Botanical Name: Carum carvi or Apium carvi
Common Method of Extraction: Caraway oil is extracted by steam distillation method from the dried ripe seeds.
Parts Used: Seeds
Aroma: Caraway oil has a sweet spicy odour and a slight peppery smell.
Largest Producing Countries: Caraway is a biennial herb originally from Asia Minor and is cultivated now in Northern Europe, Africa and Russia. The herb grows up to 2 feet in height and has soft fern like leaves. It has clusters of white/pink flowers and a small brown fruit.
Traditional Use: Caraway is a plant and people use the oil, fruit, and seeds as medicine. There are people who take caraway orally for digestive complications like heart burn, bloating, gas, loss of appetite, and minor spasms of the stomach and intestines. Caraway oil is also taken by mouth to help people remove phlegm, controlling of urination. It kills bacteria in the body, and also relieves constipation. Women take caraway oil orally to help start menstruation and relieve cramps during menstruation. Nursing mothers take it inside to increase the flow of breast milk. Caraway is used commonly as a cooking spice and also to flavour certain medications. It is widely used in toothpaste, soap and cosmetics as a fragrant. Caraway oil is widely used in aromatherapy, and is greatly valued for its warming and stress-relieving properties. It helps ease mental strain and emotional fatigue and can also benefit the digestion, as it can help relax upset stomach and relieve colic, flatulence and gastric spasms. Caraway oil is effective for the treatment of infections in the colon, digestive system, respiratory system and urinary and excretory systems. It can also settle external infections, and prevent bacterial and fungal growth.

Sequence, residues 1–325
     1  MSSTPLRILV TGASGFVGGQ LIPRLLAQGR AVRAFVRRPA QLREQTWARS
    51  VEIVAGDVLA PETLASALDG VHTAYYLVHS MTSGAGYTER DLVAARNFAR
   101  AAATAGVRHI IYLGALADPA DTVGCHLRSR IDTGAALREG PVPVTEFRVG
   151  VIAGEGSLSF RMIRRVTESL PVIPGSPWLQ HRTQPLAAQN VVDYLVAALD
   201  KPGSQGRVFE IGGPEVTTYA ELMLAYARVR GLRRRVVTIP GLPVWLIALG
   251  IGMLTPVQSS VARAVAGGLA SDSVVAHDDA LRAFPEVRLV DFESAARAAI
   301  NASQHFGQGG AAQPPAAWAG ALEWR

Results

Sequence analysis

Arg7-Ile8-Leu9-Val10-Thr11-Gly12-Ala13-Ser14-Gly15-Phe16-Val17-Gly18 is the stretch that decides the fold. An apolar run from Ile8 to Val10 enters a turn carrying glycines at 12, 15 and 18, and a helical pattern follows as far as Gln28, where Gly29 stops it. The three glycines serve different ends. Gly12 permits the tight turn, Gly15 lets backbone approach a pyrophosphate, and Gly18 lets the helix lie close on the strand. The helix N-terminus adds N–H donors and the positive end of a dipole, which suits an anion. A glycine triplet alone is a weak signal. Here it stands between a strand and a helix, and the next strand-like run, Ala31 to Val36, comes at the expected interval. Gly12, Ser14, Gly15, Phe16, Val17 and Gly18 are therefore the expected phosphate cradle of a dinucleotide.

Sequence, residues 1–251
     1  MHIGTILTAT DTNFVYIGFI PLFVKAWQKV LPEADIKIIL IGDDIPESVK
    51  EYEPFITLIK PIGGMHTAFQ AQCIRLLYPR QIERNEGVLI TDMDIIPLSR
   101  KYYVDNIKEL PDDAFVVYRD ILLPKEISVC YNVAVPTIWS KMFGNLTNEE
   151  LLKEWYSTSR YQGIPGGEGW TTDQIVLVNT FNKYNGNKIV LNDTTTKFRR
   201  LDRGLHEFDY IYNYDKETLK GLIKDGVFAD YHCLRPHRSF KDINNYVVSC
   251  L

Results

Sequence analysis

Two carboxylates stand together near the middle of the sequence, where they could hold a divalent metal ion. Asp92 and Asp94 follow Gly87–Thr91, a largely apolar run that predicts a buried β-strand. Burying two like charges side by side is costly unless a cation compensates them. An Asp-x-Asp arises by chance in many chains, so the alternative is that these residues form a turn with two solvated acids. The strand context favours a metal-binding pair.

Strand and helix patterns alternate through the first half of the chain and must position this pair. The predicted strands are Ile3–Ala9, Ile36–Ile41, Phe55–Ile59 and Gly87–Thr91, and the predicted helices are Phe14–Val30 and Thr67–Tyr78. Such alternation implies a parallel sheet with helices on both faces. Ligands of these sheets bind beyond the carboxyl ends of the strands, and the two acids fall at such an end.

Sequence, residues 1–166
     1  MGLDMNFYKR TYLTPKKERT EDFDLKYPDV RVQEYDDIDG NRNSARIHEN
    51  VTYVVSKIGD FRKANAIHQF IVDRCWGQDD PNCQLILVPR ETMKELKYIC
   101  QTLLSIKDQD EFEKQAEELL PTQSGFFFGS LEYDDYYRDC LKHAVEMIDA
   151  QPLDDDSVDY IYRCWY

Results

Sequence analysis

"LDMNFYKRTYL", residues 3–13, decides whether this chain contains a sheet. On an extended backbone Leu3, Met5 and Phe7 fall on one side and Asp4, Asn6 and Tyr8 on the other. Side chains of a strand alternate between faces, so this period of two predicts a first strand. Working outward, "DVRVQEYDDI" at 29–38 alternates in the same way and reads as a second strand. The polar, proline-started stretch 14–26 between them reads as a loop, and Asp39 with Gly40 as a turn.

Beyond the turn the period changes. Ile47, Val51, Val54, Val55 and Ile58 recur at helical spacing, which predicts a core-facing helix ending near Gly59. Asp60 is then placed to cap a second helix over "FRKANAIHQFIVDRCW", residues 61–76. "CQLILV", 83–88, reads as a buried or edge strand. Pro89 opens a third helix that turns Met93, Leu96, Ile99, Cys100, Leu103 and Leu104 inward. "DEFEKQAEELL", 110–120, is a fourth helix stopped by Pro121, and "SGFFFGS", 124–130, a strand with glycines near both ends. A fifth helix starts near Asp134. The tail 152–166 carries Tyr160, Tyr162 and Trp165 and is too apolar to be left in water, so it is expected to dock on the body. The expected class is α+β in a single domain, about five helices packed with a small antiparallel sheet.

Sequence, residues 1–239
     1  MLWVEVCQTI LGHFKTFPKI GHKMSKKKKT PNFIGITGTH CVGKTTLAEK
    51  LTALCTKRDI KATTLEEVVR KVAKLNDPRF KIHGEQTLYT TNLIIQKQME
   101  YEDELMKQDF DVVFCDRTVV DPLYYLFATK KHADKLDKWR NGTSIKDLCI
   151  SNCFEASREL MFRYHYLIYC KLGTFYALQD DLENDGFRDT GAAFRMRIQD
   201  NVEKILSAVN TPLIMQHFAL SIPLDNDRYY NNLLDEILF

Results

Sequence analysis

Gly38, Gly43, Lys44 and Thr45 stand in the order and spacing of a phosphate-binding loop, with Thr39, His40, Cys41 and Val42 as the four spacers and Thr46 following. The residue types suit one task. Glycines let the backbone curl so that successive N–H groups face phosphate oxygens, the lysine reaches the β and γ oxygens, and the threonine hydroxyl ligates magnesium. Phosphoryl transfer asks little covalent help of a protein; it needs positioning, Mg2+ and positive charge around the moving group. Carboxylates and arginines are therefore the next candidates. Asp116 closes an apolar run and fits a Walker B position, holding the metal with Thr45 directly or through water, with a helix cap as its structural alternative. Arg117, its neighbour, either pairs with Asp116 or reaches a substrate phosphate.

Blends Well With: Caraway oil blends easily with basil, frankincense, lavender, orange, ginger, chamomile, and coriander oils.
Of Interest: Caraway is also known as Meadow Cumin and is a very old popular spice used from the Stone Age. Egyptian uses it for food flavouring and Roman in bread-making. During the middle Ages, Austrians and Germans used it widely for cooking. This herb is good for sharp eyesight and also decent breath. Legendary stories say that inserting a caraway seed with any treasured object will help prevent it from being stolen from you. The other belief is that the plant helps keep lovers from losing interest in each other.
Safety Data: Caraway is generally safe for most people if it is taken in medicinal amounts. But is some cases the oil may cause heartburn, nausea and burping when mixed with peppermint oil. It may also cause skin rashes and itching for sensitive people when applied on the skin. It is not advisable to take caraway oil during pregnancy period and during breastfeeding. The use of caraway oil might lower blood sugar so the diabetic patients should adjust the dose of the medication for diabetes while using caraway oil. It is always better to consult an expert before using the oil. Stop the use of caraway at least 2 weeks before a schedules surgery because the low sugar may create issues.